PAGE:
NVIDIA is upgrading its Variable Rate Supersampling (VRSS) with support for headsets with eye-tracking, allowing the rendered application to improve performance by increasing quality where the user is looking, while decreasing it elsewhere.

Nvidia today announced the latest version of VRSS, a foveated rendering implementation that works with any of the company’s RTX series GPUs and any application which supports DirectX 11, forward rendering, and MSAA.

The first version of VRSS only offered static foveated rendering which increased the effective resolution at the center of the image (where the lens is the sharpest), while decreasing the quality outside of the central area, effectively concentrating the GPU power where it matters most. The foveated rendering region can be supersampled up to 8x.

Image courtesy NVIDIA

VRSS 2 adds support for dynamic foveated rendering which allows the system to move the supersampled area to wherever the eye is looking. Although lens sharpness drops off as the user looks away from the center of the lens, there can still be perceptual benefits to supersampling outside the center of the lens.

This of course only works for headsets equipped with eye-tracking tracking, which is not common in consumer-grade VR headsets today, but is expected to become more widespread in the future.

Out of the gate, Nvidia says that the dynamic foveated rendering in VRSS 2 will support HP’s new Reverb G2 Omnicept Edition headset. In the future we hope to see support added for HTC’s Vive Pro Eye and Varjo headsets, both of which include eye-tracking hardware.

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VRSS 2 is supported as of GeForce driver version R465 which became available on March 30th. Users must enable VRSS via the Nvidia Control Panel (Manage 3D Settings > Global Settings > Virtual Reality – Variable Rate Supersampling > Adaptive).

Although eye-tracking headsets themselves appear to require per-headset integrations to support dynamic foveated rendering with VRSS 2, Nvidia says that applications don’t need to be modified in any way to get the benefits of VRSS 2, provided they support DirectX 11, forward rendering, and MSAA. That’s a good thing because it means developers don’t need to rely on any technology that’s specific to Nvidia GPUs in order to benefit from VRSS 2.

Developers with compatible titles need only to submit their application to Nvidia for consideration. If the application benefits from VRSS 2, Nvidia will whitelist the app to use VRSS 2 in a future driver update.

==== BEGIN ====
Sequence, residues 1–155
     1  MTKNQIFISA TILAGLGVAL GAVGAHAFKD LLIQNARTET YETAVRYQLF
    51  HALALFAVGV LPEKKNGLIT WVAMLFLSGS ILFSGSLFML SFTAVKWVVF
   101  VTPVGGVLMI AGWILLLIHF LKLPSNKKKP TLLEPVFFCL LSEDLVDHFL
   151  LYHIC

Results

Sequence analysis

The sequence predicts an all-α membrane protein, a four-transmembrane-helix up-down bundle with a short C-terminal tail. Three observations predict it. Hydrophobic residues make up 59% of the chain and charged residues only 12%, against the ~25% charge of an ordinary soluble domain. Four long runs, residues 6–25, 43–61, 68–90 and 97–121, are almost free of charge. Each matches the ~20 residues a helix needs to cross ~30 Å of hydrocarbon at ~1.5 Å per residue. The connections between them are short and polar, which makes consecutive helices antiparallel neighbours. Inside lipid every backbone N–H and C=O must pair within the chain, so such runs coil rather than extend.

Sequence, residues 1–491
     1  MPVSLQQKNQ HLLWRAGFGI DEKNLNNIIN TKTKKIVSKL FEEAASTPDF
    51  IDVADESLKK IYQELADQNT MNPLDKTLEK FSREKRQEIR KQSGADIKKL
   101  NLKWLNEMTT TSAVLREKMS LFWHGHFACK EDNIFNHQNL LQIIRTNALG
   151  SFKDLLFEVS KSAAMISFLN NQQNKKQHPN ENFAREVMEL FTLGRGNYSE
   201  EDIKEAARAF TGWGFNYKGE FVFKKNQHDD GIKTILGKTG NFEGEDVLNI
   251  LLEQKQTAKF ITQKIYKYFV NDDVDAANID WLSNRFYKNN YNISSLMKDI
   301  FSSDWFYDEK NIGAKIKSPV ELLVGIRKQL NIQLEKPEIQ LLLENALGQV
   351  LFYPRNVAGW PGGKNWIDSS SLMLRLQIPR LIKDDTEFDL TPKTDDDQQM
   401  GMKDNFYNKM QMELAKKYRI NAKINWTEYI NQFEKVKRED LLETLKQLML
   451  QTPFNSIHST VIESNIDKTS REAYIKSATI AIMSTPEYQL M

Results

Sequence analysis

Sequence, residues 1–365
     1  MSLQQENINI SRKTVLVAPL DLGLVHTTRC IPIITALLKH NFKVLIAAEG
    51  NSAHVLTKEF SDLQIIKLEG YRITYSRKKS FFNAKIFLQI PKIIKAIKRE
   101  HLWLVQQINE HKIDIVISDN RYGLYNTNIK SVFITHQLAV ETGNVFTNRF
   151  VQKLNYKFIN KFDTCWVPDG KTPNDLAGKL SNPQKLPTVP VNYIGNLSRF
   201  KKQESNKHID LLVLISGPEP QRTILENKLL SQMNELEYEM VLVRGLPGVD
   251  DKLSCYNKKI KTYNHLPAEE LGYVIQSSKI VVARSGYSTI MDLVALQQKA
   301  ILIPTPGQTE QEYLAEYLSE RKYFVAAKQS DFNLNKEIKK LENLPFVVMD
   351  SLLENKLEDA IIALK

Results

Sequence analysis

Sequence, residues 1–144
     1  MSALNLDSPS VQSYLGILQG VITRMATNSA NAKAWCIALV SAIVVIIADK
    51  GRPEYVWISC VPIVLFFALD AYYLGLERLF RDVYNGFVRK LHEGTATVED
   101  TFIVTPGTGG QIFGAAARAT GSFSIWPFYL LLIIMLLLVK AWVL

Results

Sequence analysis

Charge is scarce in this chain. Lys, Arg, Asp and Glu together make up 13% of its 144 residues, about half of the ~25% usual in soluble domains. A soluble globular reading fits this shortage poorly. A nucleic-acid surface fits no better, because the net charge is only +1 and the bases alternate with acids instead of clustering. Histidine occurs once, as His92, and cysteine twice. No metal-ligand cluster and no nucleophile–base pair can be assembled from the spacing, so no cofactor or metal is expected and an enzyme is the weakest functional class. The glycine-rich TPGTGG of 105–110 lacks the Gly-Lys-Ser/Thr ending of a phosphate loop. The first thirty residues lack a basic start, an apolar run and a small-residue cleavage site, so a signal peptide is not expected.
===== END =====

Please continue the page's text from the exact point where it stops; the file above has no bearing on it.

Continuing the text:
Nvidia today also published a new list with all games currently supporting VRSS:

Games Supporting NVIDIA VRSS – April 12th, 2021
Battlewake Raw Data
Boneworks Rec Room
Budget Cuts 2: Mission Insolvency Rick & Morty: Virtual Rick-ality
Doctor Who: The Edge of Time Robo Recall
Eternity Warriors VR Sairento VR
Hot Dogs, Horeshoes, & Hand Grenades Serious Sam VR: The Last Hope
In Death Skeet: VR Target Shooting
Job Simulator Sniper Elite VR
Killing Floor: Incursion Space Pirate Trainer
L.A. Noire VR Special Force VR: Infinity War
Lone Echo Spiderman Far From Home
Medal of Honor: Above and Beyond Spiderman Homecoming VR
Mercenary 2: Silicon Rising Talos Principle VR
Onward VR The Soulkeeper VR
Pavlov VR The Walking Dead: Saints & Sinners
PokerStars VR VRChat

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  • TechPassion

    Do you think the VR user will not notice something is changing or is in worse quality/blured on the edge of his eye focus area? I think this foveated rendering is a total bs. Not needed at all.

    • Hacker4748

      Do you think the VR user will not notice something is changing or is in worse quality/blured on the edge of his eye focus area?

      We actually know that with absolute certainty. https://uploads.disquscdn.com/images/e4520a151f176cabf461b4f2f70491af33c18018e3fba533e4dee2615849d5c6.jpg

      • JDawg

        That pic is magic

      • Tabp

        Witchcraft!

      • nejihiashi88

        best counter argument xD

    • benz145

      It depends on the specific implementation. If you go from 1x sampling across the whole frame and 8x sampling in the middle, users won’t see any difference in the periphery compared to if they weren’t using VRSS at all.

      Ostensibly it’s also possible to go to less than 1x sampling outside the middle which could introduce visible artifacts compared to not using VRSS.

      It depends on the content and the headset as well. Ideally you want the falloff to be equal to lens blur so that you benefit from reduced shading outside the center without any perceptual differences. This is difficult to tune however as each headset has different lens characteristics and everyone has different vision.

      Eye-tracking makes things a bit easier so it’s nice they are adding it.

      • Chris Omega

        You won’t notice less than 1x sampling outside of your fovea.

        The whole point of foveated rendering is that you are unable to notice the quality loss outside of your fovea.